Black & Decker BDL100AV All-In-One SureGrip Laser Level - Review

I really wanted to like the B&D BDL100AV All-In-One SureGrip Laser Level. It has some really great features. The bubble level is lit with green and red LEDs. When the unit is level, the red light turns bright green. You can see the change from red to green from quite a distance. The unit also has an audio function that allows you to "home in" on level without even looking. It comes with a suction cup that magnetically attaches to the laser level. B&D unfortunately highly overrates the unit's "stickability" on common wall surfaces. While it stuck great to bathroom tile, it did NOT reliably stick to flat latex wall paint - only semi-gloss.
The "sticking" issues, while bad, aren't the big dealbreaker with the B&D 100AV. The real problem is that the audio and red/green - level/not level functions do not agree with each other. When the bubble indicates level, the red/green and audio indicators do not. Even worse, the audio, the red/green function and the bubble on the built-in levels do not agree with a manual 4' bubble level. There's no adjustment either. My unit is winging its way back to Amazon tonight after confirming with B&D that there's no way for the user to adjust the unit back to "true" level. To Amazon's credit, I just printed out a US Business "Smart" Reply label (no human readable address, just a barcode!), slapped it on the box and the mailman took it away today, postage paid by Amazon. I really wanted to keep it because the level had some great features. Just really bad execution.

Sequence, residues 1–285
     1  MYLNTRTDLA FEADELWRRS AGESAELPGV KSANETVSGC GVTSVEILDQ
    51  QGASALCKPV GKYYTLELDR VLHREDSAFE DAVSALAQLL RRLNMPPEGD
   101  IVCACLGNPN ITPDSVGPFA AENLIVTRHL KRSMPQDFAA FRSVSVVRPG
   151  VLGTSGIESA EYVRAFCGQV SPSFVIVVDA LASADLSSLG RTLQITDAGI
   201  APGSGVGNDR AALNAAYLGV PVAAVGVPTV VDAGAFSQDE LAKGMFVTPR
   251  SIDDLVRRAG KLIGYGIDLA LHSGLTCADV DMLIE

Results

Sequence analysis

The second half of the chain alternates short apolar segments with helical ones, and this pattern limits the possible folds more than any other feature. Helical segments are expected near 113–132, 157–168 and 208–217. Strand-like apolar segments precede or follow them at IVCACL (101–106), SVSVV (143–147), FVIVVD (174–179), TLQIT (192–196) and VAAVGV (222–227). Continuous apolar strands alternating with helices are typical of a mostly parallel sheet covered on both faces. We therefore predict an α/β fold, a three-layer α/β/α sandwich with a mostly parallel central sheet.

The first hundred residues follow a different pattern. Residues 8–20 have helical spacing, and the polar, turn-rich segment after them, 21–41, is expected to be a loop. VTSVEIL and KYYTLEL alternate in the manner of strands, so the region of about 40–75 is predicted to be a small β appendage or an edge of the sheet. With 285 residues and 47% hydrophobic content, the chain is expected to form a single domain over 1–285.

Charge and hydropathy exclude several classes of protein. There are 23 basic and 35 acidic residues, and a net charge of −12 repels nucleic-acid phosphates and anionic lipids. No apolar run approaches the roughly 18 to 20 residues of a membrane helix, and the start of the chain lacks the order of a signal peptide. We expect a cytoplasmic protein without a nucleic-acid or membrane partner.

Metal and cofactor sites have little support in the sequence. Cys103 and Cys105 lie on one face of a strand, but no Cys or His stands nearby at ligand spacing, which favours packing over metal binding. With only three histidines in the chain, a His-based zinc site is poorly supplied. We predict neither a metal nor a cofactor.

The magnetic connection between the two halves doesn't lock and is easily disturbed. Just trying to use the unit (ignoring, for the moment, it's completely out of alignment) was annoying because the slightest tap would knock it out of adjustment. A slightly larger tap would knock it right off the wall. Fortunately I was testing it on the wall above the sofa so it came in for a soft landing. Other purchasers weren't so lucky, it seems.
The laser line only comes out of one side of the unit and only projects a foot or so, with the brightness of the rather thick line falling off rapidly. The laser level I intended to replace (no suction cup) projects a line a least three times as long, twice as bright and considerably sharper and more narrow. To use the B&D effectively, you have to turn out the stinkin' lights! The batteries that came with the unit were already half dead (perhaps why it was one of those Amazon "lightning deals") and I had to replace them with new alkalines to get an output from the laser.